US plane maker Boeing has proposed to sell new models of its 737, 777 and 787 aircraft to Iran and promised after-sales support, a top Iranian aviation official says.
"Two days of intensive negotiations were held between Boeing representatives, the Airline of the Islamic Republic of Iran (Iran Air), and other [Iranian] airlines on providing logistical support in the areas of parts and publications as well as flight safety issues and other services for the airplanes operating in Iran's air fleet ," Maqsoud As'adi-Samani, the secretary of the Association of Iranian Airlines (AIRA), said on Monday.
The Iranian official added that "there have been limited cooperation between Boeing and some Iranian aviation companies" in the wake of the country's nuclear agreement with world powers.
The representatives of the American company offered three plane models to Iranian airlines during the talks in Tehran, As'adi-Samani said, stressing that “Boeing’s way of cooperation with Iranian companies in supporting the existing planes in the country and its adherence to the commitments will undoubtedly affect the airlines’ decision to buy aircraft” from the aviation giant.
The official also noted that the Iranian airlines will study Boeing's proposal and make decisions based on their own and the national interests.
The Boeing 737 is a short- to medium-range narrow-body aircraft, which has been developed into a family of ten models with a capacity of 85 to 215 passengers.
The world’s largest twin-jet with a capacity of 314 to 451 passengers, the Boeing 777 is a family of long-range wide-body airplanes.
The Boeing 787 Dreamliner, which is capable of carrying 242 to 335 passengers, is a long-range mid-size airliner.
Elsewhere in his remarks, As'adi-Samani said there are currently 48 Boeing airplanes operating in Iran, comprising some 32 percent of the active fleet in the country.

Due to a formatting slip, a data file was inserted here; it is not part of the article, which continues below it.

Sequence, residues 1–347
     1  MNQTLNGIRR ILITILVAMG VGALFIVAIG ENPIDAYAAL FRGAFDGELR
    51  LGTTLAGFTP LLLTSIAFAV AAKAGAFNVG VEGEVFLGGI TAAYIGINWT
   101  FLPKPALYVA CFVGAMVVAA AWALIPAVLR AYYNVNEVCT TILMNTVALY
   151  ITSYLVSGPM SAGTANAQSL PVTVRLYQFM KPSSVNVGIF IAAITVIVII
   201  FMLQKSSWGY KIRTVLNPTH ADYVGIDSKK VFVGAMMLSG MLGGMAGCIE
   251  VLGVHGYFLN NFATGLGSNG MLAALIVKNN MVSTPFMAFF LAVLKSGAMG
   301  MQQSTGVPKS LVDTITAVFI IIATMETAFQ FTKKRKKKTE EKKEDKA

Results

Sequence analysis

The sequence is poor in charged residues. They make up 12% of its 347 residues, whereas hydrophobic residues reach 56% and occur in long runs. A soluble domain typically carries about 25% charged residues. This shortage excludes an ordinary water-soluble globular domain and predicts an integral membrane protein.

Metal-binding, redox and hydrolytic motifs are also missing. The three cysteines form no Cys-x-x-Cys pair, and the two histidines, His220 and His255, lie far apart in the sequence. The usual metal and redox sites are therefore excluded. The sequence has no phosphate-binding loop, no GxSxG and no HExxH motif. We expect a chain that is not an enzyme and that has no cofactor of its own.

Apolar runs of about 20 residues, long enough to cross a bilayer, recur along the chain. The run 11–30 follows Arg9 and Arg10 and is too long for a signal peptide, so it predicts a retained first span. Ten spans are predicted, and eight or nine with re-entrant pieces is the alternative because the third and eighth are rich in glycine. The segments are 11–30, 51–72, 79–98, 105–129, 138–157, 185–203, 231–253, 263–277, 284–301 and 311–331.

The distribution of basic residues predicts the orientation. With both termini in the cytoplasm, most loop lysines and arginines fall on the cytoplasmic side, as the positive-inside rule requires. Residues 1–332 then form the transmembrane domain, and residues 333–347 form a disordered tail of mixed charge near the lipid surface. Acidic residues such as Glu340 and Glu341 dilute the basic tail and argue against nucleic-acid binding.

Meanwhile, Boeing spokesman John Dern told The Associated Press that the company discussed the "capabilities of Boeing airplanes, along with the support the company provides."
Tehran is seeking to upgrade its aging fleet of aircraft following last year’s nuclear agreement between Iran and the P5+1 group of countries.
Iran and the P5+1 — the United States, Britain, France, China, and Russia plus Germany — finalized the nuclear agreement, dubbed the Joint Comprehensive Plan of Action (JCPOA), in Vienna, Austria, on July 14, 2015. They started to implement the JCPOA on January 16.
In late January, Iran’s Deputy Transport Minister Asghar Fakhrieh-Kashan said the country plans to purchase over 100 planes from Boeing.
The official noted that Iran’s order list from the American company included 737s for domestic flights and two-aisle 777s for long-haul routes.
Also in January, Iran signed a major deal worth over $27 billion for the purchase of 118 planes from Airbus. The deal was signed during a landmark trip to Paris by Iran’s President Hassan Rouhani.
Iran’s Transport Minister Abbas Akhoundi said in January that Airbus’s first deliveries to flag carrier Iran Air are due as early as July.
According to Akhoundi, Iran’s current civil aviation fleet consists of 248 aircraft with an average age of 20 years, of which 100 are grounded.
Iranian officials have already emphasized that the country will need to buy 500 commercial jets of various models for various short-, medium- and long-distance routes.